Predicting the morphologies of γʹ precipitates in cobalt-based superalloys

A. M. Jokisaari*, S. S. Naghavi, C. Wolverton, P. W. Voorhees, O. G. Heinonen

*Corresponding author for this work

Research output: Contribution to journalArticlepeer-review

29 Scopus citations

Abstract

Cobalt-based alloys with γ/γ microstructures have the potential to become the next generation of superalloys, but alloy compositions and processing steps must be optimized to improve coarsening, creep, and rafting behavior. While these behaviors are different than in nickel-based superalloys, alloy development can be accelerated by understanding the thermodynamic factors influencing microstructure evolution. In this work, we develop a phase field model informed by first-principles density functional theory and experimental data to predict the equilibrium shapes of Co-Al-W γ precipitates. Three-dimensional simulations of single and multiple precipitates are performed to understand the effect of elastic and interfacial energy on coarsened and rafted microstructures; the elastic energy is dependent on the elastic stiffnesses, misfit strain, precipitate size, applied stress, and precipitate spatial distribution. We observe characteristic microstructures dependent on the type of applied stress that have the same γ morphology and orientation seen in experiments, indicating that the elastic stresses arising from coherent γ/γ interfaces are important for morphological evolution during creep. The results also indicate that the narrow γ channels between γ precipitates are energetically favored, and provide an explanation for the experimentally observed directional coarsening that occurs without any applied stress.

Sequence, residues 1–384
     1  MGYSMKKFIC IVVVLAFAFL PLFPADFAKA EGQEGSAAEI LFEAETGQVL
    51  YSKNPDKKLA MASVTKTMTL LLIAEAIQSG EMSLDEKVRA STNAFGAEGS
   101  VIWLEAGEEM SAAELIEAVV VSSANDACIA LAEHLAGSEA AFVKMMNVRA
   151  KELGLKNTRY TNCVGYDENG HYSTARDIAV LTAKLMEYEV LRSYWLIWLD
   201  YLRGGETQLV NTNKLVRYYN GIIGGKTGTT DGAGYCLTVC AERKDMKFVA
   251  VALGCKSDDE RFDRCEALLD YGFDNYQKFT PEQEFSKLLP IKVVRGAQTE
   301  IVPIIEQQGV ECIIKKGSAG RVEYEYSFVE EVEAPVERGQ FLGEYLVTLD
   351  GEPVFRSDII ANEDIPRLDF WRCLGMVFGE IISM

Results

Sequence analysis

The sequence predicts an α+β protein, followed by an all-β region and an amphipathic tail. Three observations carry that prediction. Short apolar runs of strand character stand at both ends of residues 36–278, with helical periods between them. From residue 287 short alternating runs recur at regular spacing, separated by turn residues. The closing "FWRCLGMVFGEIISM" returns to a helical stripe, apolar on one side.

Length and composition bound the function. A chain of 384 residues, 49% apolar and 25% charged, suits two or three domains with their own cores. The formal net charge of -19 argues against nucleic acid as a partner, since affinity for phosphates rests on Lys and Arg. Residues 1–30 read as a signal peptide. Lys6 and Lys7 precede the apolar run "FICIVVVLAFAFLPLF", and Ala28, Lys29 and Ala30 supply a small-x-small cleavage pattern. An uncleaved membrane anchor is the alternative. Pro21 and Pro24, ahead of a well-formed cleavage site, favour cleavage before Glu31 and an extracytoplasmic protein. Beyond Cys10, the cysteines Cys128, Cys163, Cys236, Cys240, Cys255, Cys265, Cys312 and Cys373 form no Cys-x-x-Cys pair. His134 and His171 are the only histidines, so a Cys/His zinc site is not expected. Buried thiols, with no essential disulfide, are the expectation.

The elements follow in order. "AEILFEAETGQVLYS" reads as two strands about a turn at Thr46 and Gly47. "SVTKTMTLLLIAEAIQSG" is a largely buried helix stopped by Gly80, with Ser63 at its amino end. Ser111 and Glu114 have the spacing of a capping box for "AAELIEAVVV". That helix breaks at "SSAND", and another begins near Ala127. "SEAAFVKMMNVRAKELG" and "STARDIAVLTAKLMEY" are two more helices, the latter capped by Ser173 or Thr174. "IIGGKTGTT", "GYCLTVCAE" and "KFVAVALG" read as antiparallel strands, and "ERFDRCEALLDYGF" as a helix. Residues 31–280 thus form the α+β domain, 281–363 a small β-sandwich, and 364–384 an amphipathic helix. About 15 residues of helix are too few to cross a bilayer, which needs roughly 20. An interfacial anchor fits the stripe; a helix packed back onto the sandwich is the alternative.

Original languageEnglish (US)
Pages (from-to)273-284
Number of pages12
JournalActa Materialia
Volume141
DOIs
StatePublished - Dec 2017

Keywords

  • Coarsening
  • Cobalt-based superalloys
  • Phase field model
  • Rafting

ASJC Scopus subject areas

  • Electronic, Optical and Magnetic Materials
  • Ceramics and Composites
  • Polymers and Plastics
  • Metals and Alloys

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